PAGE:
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Sue Mackey Andrews of Dover-Foxcroft is a volunteer with Helping Hands with Heart and the Maine Highlands Working Communities Challenge.
Although Mainers take pride in the many ways in which we serve as a positive role model for the rest of the nation, oral health is one area where we have been failing our children.
Maine ranks third to last in the nation in the percentage of children insured by Medicaid who receive any preventive dental care. Even among children who have commercial dental benefits, too many go without care.
There are many reasons for this long-standing problem. Maine suffers from a shortage of dentists, and in some areas of the state, it can take several hours to travel to a dental office if parents can afford the service, have the transportation, and actually can get time off work to take their child . This visit is usually “out of our county” and can consume a whole day — meaning missed school and missed work.
Tooth pain can an incredible painful experience for children and can disrupt their education and the simple things in life — like eating. When children have poor dentition, cavities or prematurely lost teeth, their self-esteem struggles. This scenario can unfortunately extend into adulthood and negatively affect a person’s ability to get a job due to poor dentition.
Dental disease is significantly preventable when children have access to early prevention and treatment. However, in our Maine Highlands region, where more than half of our children under age 12 are enrolled in MaineCare — the state’s Medicaid program — we have only one dentist who accepts MaineCare.
Dental disease plagues so many people in Maine that it appears we have forgotten it is a disease we know how to prevent and treat. Brushing, flossing and good nutrition habits are certainly an important part of oral health care, but making sure children can get preventive services like fluoride varnish and sealants also has a major impact. Unfortunately, for too many barriers, securing time off from work, finding a dentist to see their children, physically getting there and being able to afford the fees are all that children from getting this essential health care.
One important solution is the Maine Center for Disease Control and Prevention’s School Oral Health Program, which brings oral health screenings, fluoride varnish and sealants right to students where they already are: in school. Many adults today remember the glory days of this program when kids lined up for the pink plaque-disclosing tablets and fluoride “swish.” Pretty simple, right? And effective, too.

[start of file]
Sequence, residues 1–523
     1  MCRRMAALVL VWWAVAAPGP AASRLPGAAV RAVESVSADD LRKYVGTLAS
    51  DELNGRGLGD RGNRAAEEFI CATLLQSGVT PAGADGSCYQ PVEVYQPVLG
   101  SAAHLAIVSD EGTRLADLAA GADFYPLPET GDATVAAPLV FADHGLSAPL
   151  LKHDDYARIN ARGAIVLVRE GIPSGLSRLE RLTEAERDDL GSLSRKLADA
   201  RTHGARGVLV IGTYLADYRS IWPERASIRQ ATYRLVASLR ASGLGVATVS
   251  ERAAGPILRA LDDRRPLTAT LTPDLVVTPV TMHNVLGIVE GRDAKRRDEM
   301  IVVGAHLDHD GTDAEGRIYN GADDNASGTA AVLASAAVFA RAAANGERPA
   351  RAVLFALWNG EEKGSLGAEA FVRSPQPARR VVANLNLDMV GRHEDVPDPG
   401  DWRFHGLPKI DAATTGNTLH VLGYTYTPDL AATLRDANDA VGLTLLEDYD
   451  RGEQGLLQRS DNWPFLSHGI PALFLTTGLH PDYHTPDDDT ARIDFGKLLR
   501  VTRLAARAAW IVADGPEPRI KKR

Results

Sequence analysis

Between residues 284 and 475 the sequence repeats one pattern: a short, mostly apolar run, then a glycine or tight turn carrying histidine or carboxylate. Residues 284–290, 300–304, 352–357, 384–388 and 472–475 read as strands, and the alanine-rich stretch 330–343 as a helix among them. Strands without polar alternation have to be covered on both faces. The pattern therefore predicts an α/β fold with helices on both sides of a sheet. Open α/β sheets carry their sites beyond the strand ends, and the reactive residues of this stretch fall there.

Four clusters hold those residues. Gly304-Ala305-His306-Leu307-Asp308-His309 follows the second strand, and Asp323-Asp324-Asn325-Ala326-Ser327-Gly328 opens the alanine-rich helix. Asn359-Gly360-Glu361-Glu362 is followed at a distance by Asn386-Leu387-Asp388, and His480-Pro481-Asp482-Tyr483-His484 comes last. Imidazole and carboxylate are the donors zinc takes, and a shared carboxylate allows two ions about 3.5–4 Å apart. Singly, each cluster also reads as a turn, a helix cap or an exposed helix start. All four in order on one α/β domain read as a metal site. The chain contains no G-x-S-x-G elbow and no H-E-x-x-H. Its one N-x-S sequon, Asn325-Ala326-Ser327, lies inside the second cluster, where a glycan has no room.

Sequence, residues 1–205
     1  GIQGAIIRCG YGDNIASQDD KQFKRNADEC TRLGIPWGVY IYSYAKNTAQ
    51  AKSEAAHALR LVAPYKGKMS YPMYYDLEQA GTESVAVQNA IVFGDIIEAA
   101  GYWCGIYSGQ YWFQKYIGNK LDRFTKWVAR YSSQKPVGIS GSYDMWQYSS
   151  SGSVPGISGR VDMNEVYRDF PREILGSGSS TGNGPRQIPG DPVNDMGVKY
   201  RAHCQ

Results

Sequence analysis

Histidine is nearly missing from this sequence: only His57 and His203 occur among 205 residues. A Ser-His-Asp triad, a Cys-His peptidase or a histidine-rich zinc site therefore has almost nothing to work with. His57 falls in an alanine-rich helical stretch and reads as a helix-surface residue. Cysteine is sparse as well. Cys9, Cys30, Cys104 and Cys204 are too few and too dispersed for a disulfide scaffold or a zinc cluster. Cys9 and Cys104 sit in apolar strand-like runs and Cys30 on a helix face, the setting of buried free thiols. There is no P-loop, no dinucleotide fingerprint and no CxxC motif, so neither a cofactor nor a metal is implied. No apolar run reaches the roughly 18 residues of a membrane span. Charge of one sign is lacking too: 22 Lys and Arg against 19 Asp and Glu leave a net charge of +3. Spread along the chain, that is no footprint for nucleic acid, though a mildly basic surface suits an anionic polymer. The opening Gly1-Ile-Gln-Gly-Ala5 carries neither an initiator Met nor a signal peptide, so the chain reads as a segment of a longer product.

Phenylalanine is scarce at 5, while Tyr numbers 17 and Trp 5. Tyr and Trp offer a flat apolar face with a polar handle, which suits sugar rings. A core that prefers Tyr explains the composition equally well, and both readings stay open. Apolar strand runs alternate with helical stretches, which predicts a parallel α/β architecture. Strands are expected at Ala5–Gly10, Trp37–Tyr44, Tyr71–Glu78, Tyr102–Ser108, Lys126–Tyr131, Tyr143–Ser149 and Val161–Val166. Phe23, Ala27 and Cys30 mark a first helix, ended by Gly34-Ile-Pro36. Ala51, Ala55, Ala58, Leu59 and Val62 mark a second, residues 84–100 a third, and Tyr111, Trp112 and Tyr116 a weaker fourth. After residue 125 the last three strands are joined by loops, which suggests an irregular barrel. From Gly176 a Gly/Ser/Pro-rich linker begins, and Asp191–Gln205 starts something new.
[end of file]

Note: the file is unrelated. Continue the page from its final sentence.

Unfortunately, cuts over the decades have eliminated all of the state oral health staff positions, and the school program currently serves only about a third of elementary schools in the state.
This year, our Legislature has the opportunity to reverse this downward trend. LD 1501, An Act to Protect Oral Health for Children in Maine, would expand the School Oral Health Program so that all schools can participate. The bill would also restore one state oral health coordinator position at the Maine CDC to ensure the program’s effectiveness and data-driven approach, as well as to address workforce shortages and provide public health leadership on oral health issues for all ages in Maine.
Exploring ways to make preventive dental care more accessible is good for the economy as well as good for our health. Every state general fund dollar spent on Medicaid dental services brings in nearly twice as much in federal matching funds. The restoration of a state oral health coordinator is imperative to make Maine competitive in applying for available federal oral health funding that we have been leaving on the table.
When we sacrifice our children’s oral health to save a few pennies, we pay a much worse price; and we pay it over and over again. There are many challenges facing the Legislature this session, but this is a winnable battle, and the time to act is now. Oral health is health, and our children need this to succeed in life.